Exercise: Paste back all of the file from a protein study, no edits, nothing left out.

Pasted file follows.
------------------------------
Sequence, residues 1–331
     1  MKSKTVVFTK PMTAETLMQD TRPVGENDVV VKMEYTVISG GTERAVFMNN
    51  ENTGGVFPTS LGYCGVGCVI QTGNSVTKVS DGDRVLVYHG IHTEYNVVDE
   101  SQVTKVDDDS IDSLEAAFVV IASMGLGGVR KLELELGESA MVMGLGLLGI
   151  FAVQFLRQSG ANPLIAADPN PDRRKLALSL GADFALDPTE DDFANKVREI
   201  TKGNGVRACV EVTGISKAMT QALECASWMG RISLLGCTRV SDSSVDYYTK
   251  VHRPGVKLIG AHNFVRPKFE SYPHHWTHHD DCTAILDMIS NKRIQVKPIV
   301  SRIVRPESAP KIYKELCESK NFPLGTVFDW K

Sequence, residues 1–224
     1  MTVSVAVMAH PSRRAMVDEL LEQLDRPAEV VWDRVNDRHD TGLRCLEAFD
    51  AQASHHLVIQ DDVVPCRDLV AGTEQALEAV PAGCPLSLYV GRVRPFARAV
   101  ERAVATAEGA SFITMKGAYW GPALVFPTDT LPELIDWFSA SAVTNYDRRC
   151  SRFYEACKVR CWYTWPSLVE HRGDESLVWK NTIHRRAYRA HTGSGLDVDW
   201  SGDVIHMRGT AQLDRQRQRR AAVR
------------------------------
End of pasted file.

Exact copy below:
Sequence, residues 1–331
     1  MKSKTVVFTK PMTAETLMQD TRPVGENDVV VKMEYTVISG GTERAVFMNN
    51  ENTGGVFPTS LGYCGVGCVI QTGNSVTKVS DGDRVLVYHG IHTEYNVVDE
   101  SQVTKVDDDS IDSLEAAFVV IASMGLGGVR KLELELGESA MVMGLGLLGI
   151  FAVQFLRQSG ANPLIAADPN PDRRKLALSL GADFALDPTE DDFANKVREI
   201  TKGNGVRACV EVTGISKAMT QALECASWMG RISLLGCTRV SDSSVDYYTK
   251  VHRPGVKLIG AHNFVRPKFE SYPHHWTHHD DCTAILDMIS NKRIQVKPIV
   301  SRIVRPESAP KIYKELCESK NFPLGTVFDW K

Sequence, residues 1–224
     1  MTVSVAVMAH PSRRAMVDEL LEQLDRPAEV VWDRVNDRHD TGLRCLEAFD
    51  AQASHHLVIQ DDVVPCRDLV AGTEQALEAV PAGCPLSLYV GRVRPFARAV
   101  ERAVATAEGA SFITMKGAYW GPALVFPTDT LPELIDWFSA SAVTNYDRRC
   151  SRFYEACKVR CWYTWPSLVE HRGDESLVWK NTIHRRAYRA HTGSGLDVDW
   201  SGDVIHMRGT AQLDRQRQRR AAVR